I will also note that there is currently a lull in availability of head lettuce. Normally, the impact of such an absence is mitigated by large quantities of baby greens, but not this season. I have often shared that the baby greens have been succumbing to weeds this year again and again. Yesterday, we tried to no avail to weed a field of arugula. The beds were 95% weeds and 5% arugula, with the weeds mostly a canopy over the arugula. I am sure some of you miss our normal arugula offerings, but we have been unable to provide you with one portion of arugula all season, same with mizuna, same with baby choi. No matter how many times we tear the weeds up, obliterate them, pulverize them, they keep springing back way faster than we can extract them from the growing crop.
Now that the days are getting shorter, the weeds should abate in their growing power, so I keep tearing up weedy beds of baby greens and trying again. The process is called stale seedbedding, in which we till the soil shallow, in order to kill the growing weeds but not bring up weed seeds from further below the surface. It’s a standard way to control weeds on organic farms and it used to work well on our farm.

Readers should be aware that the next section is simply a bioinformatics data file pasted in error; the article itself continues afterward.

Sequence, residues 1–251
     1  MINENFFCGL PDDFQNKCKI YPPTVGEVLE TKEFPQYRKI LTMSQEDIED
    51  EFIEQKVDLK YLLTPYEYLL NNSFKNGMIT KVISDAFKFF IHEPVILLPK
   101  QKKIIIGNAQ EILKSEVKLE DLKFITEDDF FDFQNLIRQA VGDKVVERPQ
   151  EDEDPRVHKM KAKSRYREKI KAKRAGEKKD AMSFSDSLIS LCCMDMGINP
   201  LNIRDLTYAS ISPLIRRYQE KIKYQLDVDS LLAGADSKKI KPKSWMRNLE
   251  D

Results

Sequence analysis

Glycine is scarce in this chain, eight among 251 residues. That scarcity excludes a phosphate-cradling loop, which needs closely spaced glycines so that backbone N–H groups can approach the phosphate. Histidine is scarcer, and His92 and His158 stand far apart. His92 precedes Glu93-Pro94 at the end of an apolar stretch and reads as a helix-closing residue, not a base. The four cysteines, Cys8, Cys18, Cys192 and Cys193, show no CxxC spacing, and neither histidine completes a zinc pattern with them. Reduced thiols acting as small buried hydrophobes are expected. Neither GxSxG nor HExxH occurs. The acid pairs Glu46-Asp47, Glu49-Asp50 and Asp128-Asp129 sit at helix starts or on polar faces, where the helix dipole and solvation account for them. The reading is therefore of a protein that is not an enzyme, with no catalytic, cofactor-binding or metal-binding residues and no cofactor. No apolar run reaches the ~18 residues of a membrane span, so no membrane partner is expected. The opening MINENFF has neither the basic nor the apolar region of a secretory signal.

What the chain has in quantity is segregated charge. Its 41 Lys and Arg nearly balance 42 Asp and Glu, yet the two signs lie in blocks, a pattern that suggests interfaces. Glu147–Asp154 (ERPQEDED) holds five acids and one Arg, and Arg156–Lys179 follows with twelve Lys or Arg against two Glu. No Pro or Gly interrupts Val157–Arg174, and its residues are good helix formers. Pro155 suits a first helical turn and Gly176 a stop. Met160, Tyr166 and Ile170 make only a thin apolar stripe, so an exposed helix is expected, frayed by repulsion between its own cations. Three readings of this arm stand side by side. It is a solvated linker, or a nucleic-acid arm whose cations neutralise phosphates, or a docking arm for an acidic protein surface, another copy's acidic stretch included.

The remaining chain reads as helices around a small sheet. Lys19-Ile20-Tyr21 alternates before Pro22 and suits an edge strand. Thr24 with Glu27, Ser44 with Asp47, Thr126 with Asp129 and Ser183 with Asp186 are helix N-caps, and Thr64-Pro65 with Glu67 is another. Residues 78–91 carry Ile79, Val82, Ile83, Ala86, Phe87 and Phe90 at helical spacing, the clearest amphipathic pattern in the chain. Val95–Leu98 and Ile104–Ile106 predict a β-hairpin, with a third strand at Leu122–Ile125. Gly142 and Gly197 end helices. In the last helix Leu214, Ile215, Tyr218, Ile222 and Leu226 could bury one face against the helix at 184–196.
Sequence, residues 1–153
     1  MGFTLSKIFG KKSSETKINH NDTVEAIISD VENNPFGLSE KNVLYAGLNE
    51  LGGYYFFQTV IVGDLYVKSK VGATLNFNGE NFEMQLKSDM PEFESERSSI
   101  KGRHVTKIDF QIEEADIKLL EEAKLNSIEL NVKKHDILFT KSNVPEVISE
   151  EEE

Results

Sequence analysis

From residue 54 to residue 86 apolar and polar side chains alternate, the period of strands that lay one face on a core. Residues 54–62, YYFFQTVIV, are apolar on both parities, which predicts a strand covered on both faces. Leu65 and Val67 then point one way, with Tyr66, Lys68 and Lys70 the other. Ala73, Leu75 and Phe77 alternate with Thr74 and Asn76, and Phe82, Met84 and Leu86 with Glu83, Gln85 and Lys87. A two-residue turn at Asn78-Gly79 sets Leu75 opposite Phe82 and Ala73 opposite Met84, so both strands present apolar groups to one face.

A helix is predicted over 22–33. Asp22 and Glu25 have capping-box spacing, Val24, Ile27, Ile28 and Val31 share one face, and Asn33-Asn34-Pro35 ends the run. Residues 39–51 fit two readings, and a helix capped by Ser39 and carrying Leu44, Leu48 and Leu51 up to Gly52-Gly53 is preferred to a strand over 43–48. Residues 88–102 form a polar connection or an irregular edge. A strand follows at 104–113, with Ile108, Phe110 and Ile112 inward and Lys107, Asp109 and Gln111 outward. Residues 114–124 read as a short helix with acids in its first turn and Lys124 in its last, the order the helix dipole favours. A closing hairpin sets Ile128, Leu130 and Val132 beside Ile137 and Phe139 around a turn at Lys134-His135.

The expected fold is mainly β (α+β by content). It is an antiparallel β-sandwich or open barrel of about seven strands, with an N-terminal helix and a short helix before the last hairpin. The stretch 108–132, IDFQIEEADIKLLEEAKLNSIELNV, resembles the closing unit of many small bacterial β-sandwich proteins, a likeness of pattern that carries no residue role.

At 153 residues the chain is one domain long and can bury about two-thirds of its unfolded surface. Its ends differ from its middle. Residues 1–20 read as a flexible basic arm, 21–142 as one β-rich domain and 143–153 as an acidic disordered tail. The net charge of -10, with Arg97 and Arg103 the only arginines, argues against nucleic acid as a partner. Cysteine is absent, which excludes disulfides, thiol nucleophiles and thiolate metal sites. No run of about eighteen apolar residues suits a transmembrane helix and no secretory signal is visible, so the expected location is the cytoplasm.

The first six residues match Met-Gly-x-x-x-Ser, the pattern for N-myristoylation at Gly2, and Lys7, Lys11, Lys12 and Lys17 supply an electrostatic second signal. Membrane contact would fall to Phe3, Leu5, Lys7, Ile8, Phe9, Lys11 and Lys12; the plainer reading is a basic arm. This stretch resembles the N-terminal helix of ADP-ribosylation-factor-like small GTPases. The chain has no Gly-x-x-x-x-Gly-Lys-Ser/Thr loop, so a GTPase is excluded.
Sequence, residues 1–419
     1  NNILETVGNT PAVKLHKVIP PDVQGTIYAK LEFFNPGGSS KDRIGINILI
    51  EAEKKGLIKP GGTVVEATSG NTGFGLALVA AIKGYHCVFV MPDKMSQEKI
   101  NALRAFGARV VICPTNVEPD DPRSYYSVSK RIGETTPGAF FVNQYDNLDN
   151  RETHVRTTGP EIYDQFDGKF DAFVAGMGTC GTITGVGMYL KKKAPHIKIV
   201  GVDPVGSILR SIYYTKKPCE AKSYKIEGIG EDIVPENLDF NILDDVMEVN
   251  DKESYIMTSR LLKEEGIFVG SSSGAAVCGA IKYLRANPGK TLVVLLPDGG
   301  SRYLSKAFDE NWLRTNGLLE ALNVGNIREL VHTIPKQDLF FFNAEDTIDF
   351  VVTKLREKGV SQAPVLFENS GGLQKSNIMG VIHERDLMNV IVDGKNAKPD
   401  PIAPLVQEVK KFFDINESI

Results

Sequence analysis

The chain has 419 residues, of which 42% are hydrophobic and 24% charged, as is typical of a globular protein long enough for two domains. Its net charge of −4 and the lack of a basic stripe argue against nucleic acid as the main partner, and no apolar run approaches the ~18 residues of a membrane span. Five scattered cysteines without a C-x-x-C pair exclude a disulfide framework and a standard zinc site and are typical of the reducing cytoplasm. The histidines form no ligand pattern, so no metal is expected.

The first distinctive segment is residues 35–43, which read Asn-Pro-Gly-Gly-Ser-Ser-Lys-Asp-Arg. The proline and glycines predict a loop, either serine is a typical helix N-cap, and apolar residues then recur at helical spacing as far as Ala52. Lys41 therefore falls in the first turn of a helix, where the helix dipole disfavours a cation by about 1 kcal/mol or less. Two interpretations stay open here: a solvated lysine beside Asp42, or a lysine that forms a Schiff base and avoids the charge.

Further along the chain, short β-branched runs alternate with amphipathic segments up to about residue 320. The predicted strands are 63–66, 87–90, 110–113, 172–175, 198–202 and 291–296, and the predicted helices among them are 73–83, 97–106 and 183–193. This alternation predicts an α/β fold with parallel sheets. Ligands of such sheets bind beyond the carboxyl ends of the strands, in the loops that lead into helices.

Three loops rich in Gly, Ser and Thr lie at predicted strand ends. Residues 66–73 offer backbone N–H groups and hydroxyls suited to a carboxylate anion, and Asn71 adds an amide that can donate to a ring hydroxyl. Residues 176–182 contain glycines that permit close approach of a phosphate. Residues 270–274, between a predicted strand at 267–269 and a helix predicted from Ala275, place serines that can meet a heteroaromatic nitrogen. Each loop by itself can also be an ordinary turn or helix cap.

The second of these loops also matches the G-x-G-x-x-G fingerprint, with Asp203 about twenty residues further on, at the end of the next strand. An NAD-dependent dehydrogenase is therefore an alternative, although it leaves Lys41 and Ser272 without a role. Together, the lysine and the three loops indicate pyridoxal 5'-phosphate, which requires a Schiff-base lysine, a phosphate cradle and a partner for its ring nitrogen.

I will point out though, that, in spite of a reduction in variety this season, we have been more than making up for the losses though the tremendous yields of other crops. My preference is to give you a lot of some crops than a small amount of more crops. Your farm has been generating an astounding abundance of food this year, just not as varied as usual.
Back to the weeds: I estimate that we are devoting ten times more labor to weeding this year than we devoted to our average weeding effort over the past 20 years. The soil chemistry or biology changed with the flooding, and we have been confronting the impacts of past weather in the form of weeds day after day this year. Some people like to say “live in the moment; the past is the past.” For weeds on our farm, the past is the present.
We have finally installed our overhead irrigation system. We normally install it in June, but this year, the rains have been timely enough so we did not need it until now. For the next several weeks—late July and August—it is not provident to rely on timely rains.